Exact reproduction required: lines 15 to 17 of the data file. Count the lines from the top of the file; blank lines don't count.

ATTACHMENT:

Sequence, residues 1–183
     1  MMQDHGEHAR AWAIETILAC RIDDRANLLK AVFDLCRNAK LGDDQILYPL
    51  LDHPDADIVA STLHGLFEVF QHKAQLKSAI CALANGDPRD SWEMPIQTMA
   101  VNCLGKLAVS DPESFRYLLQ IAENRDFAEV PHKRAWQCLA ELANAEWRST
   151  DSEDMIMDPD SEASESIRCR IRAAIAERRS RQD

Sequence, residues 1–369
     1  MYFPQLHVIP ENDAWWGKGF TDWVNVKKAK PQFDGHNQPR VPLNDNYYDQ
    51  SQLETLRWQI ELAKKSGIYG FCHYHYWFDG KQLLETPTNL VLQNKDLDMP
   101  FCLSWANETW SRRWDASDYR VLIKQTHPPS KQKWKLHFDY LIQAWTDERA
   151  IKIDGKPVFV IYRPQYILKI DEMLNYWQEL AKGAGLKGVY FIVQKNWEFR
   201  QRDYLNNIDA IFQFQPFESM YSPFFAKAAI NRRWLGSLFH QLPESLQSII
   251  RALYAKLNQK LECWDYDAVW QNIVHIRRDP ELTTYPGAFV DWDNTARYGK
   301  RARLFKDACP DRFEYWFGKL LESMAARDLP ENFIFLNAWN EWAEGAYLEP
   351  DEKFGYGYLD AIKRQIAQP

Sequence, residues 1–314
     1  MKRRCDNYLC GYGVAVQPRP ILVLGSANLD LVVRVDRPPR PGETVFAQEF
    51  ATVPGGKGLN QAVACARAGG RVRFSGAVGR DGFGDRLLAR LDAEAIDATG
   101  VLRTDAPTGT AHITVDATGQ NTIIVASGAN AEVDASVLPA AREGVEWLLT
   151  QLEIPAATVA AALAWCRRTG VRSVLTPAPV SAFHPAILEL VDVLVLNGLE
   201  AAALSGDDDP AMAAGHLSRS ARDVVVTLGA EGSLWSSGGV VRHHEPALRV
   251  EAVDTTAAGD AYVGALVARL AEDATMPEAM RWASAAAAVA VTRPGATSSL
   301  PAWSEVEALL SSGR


Sequence, residues 1–314
     1  MKRRCDNYLC GYGVAVQPRP ILVLGSANLD LVVRVDRPPR PGETVFAQEF
    51  ATVPGGKGLN QAVACARAGG RVRFSGAVGR DGFGDRLLAR LDAEAIDATG